Sleeves are always one of those easy things to assemble, but if I haven’t done them in advance, can slow down assembling the coat.
I first cut the sleeves (see above left) in Alcantara. Notice the marks for sleeve apex and three parallel lines for the sleeve head formation. I also cut the lining using pinking sheers, which proved to be a sucessful exercise on the test coat (see above right).
Firstly I stitch the longer back seam and press it flat, but with all of the seam allowance folded towards the front of the sleeve. I then topstitch the seam, within 1 to 1.5mm away from the edge. The sleeve is then closed off by sewing the front seam, which is just conventionally pressed flat.
I am using the slightly adjusted pattern I did for the calico coat, which is designed to give a more roomy fit at the back, while still being quite tailored at the front.
These two photographs show what I mean: (left) you can see the sleeve is set in cleanly and is well fitted (right) you can see a series of puckers at the seam, which is giving it a fuller fit. To mimic this I need to adjust the level of gathering in the sleeve head so it is smooth at the front and across the apex of the sleeve, but allowing it to pucker slightly as it falls down the back of the sleeve.
When I made the calico test, I explained how I formed the sleeve head by sewing three parallel lines of stitching along the top of the sleeve. I transfered where I had done this back to the pattern, so it becomes a quick task to get started on shaping the sleeve (below - top left). I also marked the apex of the sleeve on the pattern, and I transfered this onto the inside of the sleeve, giving me a marker of where it intersects with the shoulder seam. I line these up, and pin the whole sleeve circumference, easing in at the underarm to resolve any short fall, or excess.
I then try it for fit, to make sure the sleeve is hanging right. It invariable is not, so there is always a certain amount of adjusting and re-pinning before I am happy. If the sleeve is creasing a lot at the back, the sleeve needs to rotate forward a little; if it is creasing across the front it needs to go back a bit.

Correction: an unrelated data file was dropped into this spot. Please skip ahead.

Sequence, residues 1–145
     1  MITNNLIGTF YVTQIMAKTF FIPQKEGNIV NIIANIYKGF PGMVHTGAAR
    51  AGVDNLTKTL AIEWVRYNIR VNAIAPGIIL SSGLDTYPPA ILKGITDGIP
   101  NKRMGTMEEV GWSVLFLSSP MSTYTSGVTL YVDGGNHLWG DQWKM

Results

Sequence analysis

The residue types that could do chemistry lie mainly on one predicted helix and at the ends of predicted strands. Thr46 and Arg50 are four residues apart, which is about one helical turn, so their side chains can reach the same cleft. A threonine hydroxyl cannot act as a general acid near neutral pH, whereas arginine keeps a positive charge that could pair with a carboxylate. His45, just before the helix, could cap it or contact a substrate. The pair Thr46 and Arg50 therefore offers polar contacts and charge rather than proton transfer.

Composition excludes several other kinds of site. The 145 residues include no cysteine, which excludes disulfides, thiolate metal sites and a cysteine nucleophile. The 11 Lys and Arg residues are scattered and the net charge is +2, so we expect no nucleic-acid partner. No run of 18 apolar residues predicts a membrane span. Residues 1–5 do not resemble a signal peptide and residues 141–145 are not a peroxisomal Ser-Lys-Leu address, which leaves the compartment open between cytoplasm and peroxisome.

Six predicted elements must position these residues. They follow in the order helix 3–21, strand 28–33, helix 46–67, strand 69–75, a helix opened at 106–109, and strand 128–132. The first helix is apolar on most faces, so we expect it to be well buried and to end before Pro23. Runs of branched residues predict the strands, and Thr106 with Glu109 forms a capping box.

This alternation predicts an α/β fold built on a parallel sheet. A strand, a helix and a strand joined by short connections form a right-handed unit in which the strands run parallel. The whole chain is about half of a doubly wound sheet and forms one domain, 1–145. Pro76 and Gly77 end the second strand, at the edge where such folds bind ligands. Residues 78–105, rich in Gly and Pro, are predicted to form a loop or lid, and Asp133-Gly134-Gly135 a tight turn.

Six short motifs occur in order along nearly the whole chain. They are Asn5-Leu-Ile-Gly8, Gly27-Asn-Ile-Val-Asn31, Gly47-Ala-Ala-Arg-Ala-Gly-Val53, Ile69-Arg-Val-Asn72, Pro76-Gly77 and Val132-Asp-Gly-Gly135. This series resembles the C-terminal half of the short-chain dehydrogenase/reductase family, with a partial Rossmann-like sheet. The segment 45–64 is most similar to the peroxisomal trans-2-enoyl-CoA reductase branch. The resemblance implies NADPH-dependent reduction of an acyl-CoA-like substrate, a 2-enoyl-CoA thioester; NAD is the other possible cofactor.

After sewing the sleeve in, I add in the padding, centered on the shoulder seam, sewing as tight as I can to the existing seam stitching (see below - top right). It is never a good idea to try and do this all in one single pass through the sewing machine!
I am then a little naughty, and wonderweb’ing the shoulder pad directly to the shoulder itself. I have done it on this occasion as I am doing the absolute minimum amount of interfacing in this coat to keep it as free, limp and flowing as possible. I think it had been a mistake to interface (even lightly) my previous coats, as even just doing the fronts above waist height seemed to make it to rigid and fitted. I am using this to give the should some rigidity (see above - bottom left).
I then cut two strips of wadding and fold then together, the outer one of which I fold unequally, creating a stepped thickness of wadding (see right).
This I then sew to the sleeve head, on the sleeve side (see above - bottom right).
This wadding gives the roll of the sleeve head a better, softer finish. It also stops the shoulder pad being too visible beneath the sleeve, blending the edge. Below is without the wadding (left) and with (right), which shows the more rounded top and less noticeable shoulder pads.
below - left) and trim the seam allowance inside, cutting a triangle away where the cuff folds, and thinning the allowance in the hem (below - middle). This just makes it fold flatter without bulking on the cuff line. Finally I press the cuff nice and sharp using a pressing pad which prevents damage to the far side of the cuff (below - right).
There are lots of different ways to set a sleeve, some more involved that others. I went for a simpler approach as I wanted, but if you want to read more about setting sleeves, here is a very good description with clear photographs, going into a bit more detail than I have.
The practice I had while making the test coat made doing the sleeve heads far real less intimidating compared to before. Making the test coat always seemed like an irritating delay in getting started, and I had always skipped it as a stage of the process, but it has been paying dividends all the way and the results have been speaking for themselves!
I have a real good feeling about this coat now!
Here are a quick couple of picture I took of the coat at this stage, sleeves set, awaiting the lapels and collar.
It does look like an old sack on a hanger, but when the collar is in it will hold it together a lot better, so I am not too worried right now.